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Flower Mound approves town’s first dog park

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Flower Mound's first dog park will soon be under construction.
Flower Mound’s first dog park will soon be under construction.

The town’s first dog park will soon be under construction after Flower Mound Town Council members approved a construction agreement for Heritage Park. The park is expected to open in an October-November time period.

The approved base bid was for $796,709.50 which serves as phase 2 of the park’s overall construction. The park will eventually include demonstration gardens, a park trail, an 18-hole disc course and more.

Gloria Jones, chair of the Parks, Arts and Library Services board, said she has been part of process from the beginning from visiting other dog parks to early discussions.

“We know this is going to be a great facility,” she said. “It would be a shame not to pass just the basics.”

When queried by Mayor Tom Hayden, Jones said the pedestrian benches, boulders, landscape plantings and shade structures were important though the kiosk could wait.

Councilmember Bryan Webb proposed a motion for the base-level dog park with a suggestion for separate a la carte items.  The motion passed 4-1 with Councilmember Steve Dixon voting against it.

Dixon said he’d told the council from the beginning that he would not vote in favor of a dog park costing more than $500,000.

Webb proposed a motion to accept additional items including soil amendments, moving boulders, 12 pedestrian benches and an entry sign. The motion carried 4-1 with Dixon voting no.

The council did not make a motion regarding shade structures, landscape plantings and a kiosk, which were part of the proposed additions. They will not be part of the park when it opens later this year.

2L Construction LLC will construct the dog park with several additional items approved by the council.

A Parson Russell Terrier named Paddy was the push behind Elizabeth Covington’s desire to bring a dog park to Flower Mound several years ago. On Monday, Flower Mound Town Council members voted 3-1 to allow town staff to seek bids for the town’s first dog park off Garden Ridge Boulevard near Spinks Road.

The bid proposal followed discussion earlier this year to itemize elements of the second of three options to allow the council to select what they wanted for the proposed 5-acre dog park before accepting a final bid.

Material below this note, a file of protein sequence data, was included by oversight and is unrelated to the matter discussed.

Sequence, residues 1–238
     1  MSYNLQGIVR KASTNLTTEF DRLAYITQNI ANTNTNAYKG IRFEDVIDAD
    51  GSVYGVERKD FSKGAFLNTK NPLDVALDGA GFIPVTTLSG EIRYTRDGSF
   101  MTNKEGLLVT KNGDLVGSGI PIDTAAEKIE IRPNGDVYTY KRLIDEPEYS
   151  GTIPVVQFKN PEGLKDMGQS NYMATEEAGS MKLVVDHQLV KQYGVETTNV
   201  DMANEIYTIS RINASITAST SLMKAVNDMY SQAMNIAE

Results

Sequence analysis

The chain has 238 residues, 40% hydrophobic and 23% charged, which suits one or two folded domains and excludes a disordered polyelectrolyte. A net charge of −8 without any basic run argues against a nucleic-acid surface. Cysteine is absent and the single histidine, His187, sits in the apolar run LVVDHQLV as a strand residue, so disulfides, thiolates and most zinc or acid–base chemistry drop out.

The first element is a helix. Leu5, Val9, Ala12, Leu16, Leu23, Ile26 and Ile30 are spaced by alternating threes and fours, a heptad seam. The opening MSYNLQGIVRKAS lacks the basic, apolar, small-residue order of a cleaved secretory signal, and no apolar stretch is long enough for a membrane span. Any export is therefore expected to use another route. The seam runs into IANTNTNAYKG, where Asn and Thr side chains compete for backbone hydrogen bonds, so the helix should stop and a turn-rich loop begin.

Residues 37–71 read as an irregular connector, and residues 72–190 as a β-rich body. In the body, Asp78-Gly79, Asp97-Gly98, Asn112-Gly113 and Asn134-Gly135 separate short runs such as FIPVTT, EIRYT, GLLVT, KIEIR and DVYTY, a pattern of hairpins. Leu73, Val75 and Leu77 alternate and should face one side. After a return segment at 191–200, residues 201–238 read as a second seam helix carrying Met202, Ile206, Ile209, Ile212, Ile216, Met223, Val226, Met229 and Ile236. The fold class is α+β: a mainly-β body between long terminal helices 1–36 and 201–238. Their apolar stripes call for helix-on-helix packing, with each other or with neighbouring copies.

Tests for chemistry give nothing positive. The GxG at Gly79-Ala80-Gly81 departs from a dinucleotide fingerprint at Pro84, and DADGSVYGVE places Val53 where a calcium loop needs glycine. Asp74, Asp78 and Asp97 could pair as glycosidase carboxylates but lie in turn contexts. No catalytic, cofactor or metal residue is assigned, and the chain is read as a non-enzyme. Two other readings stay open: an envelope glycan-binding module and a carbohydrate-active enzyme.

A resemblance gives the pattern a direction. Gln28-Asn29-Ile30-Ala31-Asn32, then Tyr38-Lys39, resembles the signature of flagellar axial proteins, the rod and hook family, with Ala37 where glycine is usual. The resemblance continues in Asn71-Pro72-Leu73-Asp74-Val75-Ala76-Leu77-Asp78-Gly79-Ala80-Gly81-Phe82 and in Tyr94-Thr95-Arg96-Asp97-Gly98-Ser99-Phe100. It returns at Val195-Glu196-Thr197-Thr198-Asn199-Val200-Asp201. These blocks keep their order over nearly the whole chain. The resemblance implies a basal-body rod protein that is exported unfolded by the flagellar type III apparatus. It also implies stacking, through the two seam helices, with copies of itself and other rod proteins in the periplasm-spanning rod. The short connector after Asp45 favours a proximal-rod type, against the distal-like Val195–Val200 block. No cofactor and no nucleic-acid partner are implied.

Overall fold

Clint Wofford of Schrickel, Rollins and Associates of Arlington outlined three proposals in a discussion earlier this year that offered options for a dog park with price tags ranging from $704,648 upward to about $1.3 million.

The town council’s preferred option, at a preliminary estimate of $873,020, included a 1-acre area for small dogs at the north end of the Heritage East property with a 2.2-acre area for large dogs just south. A third area offers an option of a connecting bridge to an area that could be used for large dogs to allow town crews to rotate the large dog areas for upkeep and maintenance.

The plan included an estimated 40 parking slots, a chain link fence and a sidewalk from the entrance to shaded areas where park benches could be located. Other amenities proposed were a dog wash area, a drinking fountain for dogs and enhanced landscaping and signage – options council members asked to be listed separately for consideration.

All of the options included a 15-percent contingency plan to cover varied bid proposals – a point questioned by several council members. The only option that included lighting for the park was the third option, which Wofford said accounted for much of the cost difference between the second and third proposals.

In September, Mayor Pro Tem Jean Levenick voted in favor of putting the second option to bid but with an eye to prioritizing money spent on parks. “It’s important to me that we bring our parks up to standard and minimize the new dog park,” she said.

Covington, who spoke to the town council wearing a t-shirt bearing a photo of Paddy who died five years ago as of July, said she had worked on bringing a dog park to town for years, even working to bring a petition with at least 400 signatures to the town council.

“I’ve been patient, worked with the system and I’ve been nice,” she said at the September meeting. “It’s time to pick up a shovel, dig some dirt and get moving.”

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